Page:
This is not just a personal story only, but a story of my people. We refuse to be discouraged and decimated by the constant hurt and humiliation. Our commitment will not be any other manner, but a way of non-violence and the pursuit of legal restitution. We reject violence. But we will not give up even as our oppressors orchestrate new ways to push us away, out of our homes. Thank heavens that it is now the Lent season, as our story resonates with the passion of Christ. I do not know which station of the cross we are on, from the first to the fourteenth, but I know there is a denial and rejection of my wife’s presence here, like all Palestinians and those who love them.

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I co-founded the BDS movement. Why was I denied entry to the US?

With this denial of entry, Israel appears to have once again enlisted the Trump administration to do its bidding


“Palestinians are now helplessly anticipating a far-right Israeli tsunami that will wipe out whatever rights we have left.” (Photograph: Nasser Nasser/AP)

Omar Barghouti, The Guardian, 16 Apr 2019

Last Wednesday, as I was preparing to depart for the United States for a series of speaking engagements, I was abruptly stopped and prevented from boarding my flight at Ben Gurion airport. The US consulate informed the airline staff that US immigration has banned me from entering the country, despite having a valid visa, without providing a reason.

Given my regular, unhindered travel to the US for years, this ban seems to be an ideologically and politically motivated measure that fits in with Israel’s escalating repression against human rights defenders. Israel’s far-right regime is not merely continuing its decades-old system of military occupation, apartheid and ethnic cleansing against Palestinians, it is increasingly outsourcing its anti-democratic tactics to the US.

As a co-founder of the nonviolent Boycott, Divestment and Sanctions (BDS) movement for Palestinian rights, I have been smeared by the Israeli government and banned from travel repeatedly, including in 2018 when I was prevented from going to Jordan to accompany my late mother during cancer surgery. Israel’s intelligence minister threatened me with “targeted civil elimination”, drawing condemnation from Amnesty International. Their de facto and “arbitrary travel ban” against me was recently lifted for three months after Amnesty International’s pressure.

On this US trip, I was scheduled to meet with policymakers and journalists and to address the critical need for cutting US complicity in Israel’s grave violations of Palestinian rights before audiences at New York University, Harvard, a black community bookstore in Philadelphia and the Tzedek Chicago synagogue. Afterwards, I was going to attend my daughter’s wedding in Houston.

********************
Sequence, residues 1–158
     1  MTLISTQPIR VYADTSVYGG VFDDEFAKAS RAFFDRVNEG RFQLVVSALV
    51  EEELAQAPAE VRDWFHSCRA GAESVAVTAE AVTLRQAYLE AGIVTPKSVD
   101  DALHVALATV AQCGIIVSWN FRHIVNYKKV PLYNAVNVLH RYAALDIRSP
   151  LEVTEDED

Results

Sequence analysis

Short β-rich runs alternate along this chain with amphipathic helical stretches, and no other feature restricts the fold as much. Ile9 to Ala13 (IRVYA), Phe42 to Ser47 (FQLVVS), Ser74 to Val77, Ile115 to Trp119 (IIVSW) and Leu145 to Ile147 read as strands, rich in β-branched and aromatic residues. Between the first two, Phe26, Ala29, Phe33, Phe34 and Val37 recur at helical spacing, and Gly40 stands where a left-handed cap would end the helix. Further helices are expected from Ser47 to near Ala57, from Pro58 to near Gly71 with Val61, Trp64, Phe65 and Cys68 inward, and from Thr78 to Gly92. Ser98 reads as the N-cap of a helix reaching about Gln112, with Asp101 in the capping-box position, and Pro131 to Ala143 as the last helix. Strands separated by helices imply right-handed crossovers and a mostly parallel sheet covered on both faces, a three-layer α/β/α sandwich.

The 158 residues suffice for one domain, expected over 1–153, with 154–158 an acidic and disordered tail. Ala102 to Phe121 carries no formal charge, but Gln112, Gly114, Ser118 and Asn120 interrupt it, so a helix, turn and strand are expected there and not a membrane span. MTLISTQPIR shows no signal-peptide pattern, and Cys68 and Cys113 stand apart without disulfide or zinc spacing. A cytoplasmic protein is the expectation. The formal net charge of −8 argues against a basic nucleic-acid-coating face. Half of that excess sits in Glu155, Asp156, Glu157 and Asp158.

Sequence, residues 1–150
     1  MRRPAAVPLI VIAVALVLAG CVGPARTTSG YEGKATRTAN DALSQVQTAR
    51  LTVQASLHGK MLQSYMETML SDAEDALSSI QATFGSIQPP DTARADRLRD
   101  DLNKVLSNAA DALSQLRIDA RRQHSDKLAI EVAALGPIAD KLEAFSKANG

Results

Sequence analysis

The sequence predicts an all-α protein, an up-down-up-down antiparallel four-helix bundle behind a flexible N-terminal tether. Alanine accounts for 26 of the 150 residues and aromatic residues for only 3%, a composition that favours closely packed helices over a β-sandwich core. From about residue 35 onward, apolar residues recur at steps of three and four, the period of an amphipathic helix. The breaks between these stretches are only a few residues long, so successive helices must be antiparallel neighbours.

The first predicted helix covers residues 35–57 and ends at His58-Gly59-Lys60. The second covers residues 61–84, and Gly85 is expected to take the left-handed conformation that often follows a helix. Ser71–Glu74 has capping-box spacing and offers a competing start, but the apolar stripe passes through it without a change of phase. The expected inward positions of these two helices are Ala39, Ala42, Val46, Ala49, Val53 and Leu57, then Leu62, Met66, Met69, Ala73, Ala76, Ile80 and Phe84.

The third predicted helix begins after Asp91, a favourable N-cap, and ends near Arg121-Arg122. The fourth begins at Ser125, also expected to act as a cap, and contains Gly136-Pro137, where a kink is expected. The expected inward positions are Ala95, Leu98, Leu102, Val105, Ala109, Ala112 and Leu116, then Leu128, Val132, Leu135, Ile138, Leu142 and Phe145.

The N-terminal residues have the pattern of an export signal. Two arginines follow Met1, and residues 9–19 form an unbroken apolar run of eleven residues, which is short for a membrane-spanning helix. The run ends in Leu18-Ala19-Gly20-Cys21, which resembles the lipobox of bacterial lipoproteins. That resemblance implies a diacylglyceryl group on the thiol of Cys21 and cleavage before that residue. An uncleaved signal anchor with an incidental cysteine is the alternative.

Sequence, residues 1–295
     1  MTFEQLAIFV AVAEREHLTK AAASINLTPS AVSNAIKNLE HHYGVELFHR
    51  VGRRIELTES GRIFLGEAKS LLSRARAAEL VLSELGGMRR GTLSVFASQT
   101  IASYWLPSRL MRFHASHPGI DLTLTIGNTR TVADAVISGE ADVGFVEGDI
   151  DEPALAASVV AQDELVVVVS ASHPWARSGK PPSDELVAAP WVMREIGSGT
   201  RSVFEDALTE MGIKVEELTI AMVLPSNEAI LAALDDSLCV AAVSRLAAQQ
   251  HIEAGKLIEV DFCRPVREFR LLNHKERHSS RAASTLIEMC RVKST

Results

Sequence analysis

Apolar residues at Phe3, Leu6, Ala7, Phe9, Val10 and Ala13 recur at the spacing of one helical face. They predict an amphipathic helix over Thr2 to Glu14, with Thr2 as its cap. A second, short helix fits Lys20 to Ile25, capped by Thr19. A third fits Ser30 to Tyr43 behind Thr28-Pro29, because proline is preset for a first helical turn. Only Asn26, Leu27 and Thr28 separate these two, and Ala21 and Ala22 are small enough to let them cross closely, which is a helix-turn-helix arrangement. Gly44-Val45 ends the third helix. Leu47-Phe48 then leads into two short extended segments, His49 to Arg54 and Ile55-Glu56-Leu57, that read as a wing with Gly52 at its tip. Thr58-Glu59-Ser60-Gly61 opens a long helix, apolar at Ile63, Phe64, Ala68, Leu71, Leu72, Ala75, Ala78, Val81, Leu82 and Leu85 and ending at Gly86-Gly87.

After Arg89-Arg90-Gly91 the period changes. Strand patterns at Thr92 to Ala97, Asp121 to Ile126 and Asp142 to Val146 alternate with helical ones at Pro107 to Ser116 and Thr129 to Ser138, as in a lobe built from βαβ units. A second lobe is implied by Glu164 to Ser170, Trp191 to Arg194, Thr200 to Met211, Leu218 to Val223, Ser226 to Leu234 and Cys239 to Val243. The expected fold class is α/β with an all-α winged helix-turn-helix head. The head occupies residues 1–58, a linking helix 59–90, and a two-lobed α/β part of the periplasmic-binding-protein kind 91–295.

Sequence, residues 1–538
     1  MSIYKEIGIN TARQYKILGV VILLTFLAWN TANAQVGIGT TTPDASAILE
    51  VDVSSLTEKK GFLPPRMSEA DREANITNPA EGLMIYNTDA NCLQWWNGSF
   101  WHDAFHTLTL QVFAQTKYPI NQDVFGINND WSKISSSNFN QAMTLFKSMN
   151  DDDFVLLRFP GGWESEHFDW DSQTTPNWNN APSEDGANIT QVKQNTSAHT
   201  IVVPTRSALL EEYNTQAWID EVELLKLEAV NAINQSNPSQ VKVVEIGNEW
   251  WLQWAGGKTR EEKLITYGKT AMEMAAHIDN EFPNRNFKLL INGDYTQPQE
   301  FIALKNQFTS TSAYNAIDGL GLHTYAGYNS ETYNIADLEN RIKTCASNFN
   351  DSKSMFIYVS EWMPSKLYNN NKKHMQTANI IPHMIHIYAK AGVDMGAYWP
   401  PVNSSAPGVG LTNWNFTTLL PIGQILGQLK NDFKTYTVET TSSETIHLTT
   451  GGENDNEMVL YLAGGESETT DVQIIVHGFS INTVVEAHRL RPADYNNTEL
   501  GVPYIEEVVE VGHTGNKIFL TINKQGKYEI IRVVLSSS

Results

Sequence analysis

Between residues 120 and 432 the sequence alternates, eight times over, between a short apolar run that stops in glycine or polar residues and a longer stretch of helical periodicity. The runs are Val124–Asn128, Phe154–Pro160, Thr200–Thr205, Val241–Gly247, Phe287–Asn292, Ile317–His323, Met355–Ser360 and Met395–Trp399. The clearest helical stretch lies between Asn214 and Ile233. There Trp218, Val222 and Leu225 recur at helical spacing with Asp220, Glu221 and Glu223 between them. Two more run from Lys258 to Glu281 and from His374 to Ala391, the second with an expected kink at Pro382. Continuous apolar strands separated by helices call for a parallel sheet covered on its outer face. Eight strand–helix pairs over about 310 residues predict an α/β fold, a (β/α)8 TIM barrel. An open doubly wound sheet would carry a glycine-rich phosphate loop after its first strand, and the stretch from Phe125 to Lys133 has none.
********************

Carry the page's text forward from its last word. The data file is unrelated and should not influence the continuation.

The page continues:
I have decided not to miss any of my speaking engagements, joining via video in the middle of my nights, but I cannot possibly compensate the personal loss of missing my daughter’s wedding. I am hurt, but I am far from deterred.

Since Trump took office, he has repeatedly signaled his deep bias in favor of Israel. His Middle East team, Jared Kushner, Jason Greenblatt and David Friedman, with their fervent support for Israel’s illegal settlements and other crimes, must be the most dishonest broker in the history of US “peacemaking”. He has recognized Israeli sovereignty over Jerusalem and the Syrian Golan Heights in violation of international law and more than seven decades of official US policy.

Meanwhile, members of Congress and politicians in 27 states have passed laws intended to suppress the voices of Americans who support BDS. The ACLU has condemned these repressive measures as an unconstitutional violation of free speech that is “reminiscent of McCarthy-era loyalty oaths”.

All of this has emboldened Israel’s hardline rightwing government to accelerate its racist, oppressive policies towards the Palestinian people. Over the last year, Israeli soldiers have massacred hundreds and injured thousands of unarmed Palestinian protesters demanding refugee rights and freedom from the open-air prison that Israel has turned Gaza into.

Last summer, Israel’s parliament passed the so-called “Jewish nation-state” law, which constitutionally enshrines an apartheid reality that has existed for many years. And Israel’s government has buried the so-called two-state solution by continuing its relentless theft of Palestinian land for illegal settlements, while at the same time increasing pressure on human rights defenders, particularly BDS advocates.